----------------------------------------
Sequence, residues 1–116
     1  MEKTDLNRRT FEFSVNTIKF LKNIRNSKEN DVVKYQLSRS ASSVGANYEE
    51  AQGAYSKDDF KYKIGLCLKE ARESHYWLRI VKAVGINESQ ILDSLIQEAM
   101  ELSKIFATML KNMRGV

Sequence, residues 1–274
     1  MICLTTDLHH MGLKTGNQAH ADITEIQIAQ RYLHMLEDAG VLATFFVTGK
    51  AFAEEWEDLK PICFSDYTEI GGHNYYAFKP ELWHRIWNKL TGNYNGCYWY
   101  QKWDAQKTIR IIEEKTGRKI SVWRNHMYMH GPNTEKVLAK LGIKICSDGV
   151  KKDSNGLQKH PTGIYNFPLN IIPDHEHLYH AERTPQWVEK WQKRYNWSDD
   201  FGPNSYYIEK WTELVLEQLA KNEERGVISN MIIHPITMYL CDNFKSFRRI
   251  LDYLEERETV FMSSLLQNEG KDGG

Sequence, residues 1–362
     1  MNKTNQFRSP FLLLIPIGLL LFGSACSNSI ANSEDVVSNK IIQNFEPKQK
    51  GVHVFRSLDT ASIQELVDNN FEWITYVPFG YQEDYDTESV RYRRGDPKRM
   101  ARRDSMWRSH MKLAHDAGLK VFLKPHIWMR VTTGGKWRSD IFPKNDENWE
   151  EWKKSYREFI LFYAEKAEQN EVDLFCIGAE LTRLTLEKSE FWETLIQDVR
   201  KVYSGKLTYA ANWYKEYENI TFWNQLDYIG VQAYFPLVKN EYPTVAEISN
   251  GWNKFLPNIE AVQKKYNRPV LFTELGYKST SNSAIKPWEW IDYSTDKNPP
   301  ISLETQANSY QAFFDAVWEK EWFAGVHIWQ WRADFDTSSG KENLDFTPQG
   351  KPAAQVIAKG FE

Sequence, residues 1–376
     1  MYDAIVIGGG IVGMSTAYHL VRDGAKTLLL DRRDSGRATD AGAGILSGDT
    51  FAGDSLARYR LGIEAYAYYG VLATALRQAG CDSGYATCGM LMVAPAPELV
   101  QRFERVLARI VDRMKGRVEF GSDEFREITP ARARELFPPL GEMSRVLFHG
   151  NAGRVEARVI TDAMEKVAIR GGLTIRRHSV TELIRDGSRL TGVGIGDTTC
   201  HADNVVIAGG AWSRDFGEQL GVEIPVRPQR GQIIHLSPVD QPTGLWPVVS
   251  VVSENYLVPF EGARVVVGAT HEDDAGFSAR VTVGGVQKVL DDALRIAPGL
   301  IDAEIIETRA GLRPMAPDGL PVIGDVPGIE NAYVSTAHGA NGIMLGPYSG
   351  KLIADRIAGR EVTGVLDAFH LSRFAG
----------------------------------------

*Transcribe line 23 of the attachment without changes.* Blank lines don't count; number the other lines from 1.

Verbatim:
    51  FAGDSLARYR LGIEAYAYYG VLATALRQAG CDSGYATCGM LMVAPAPELV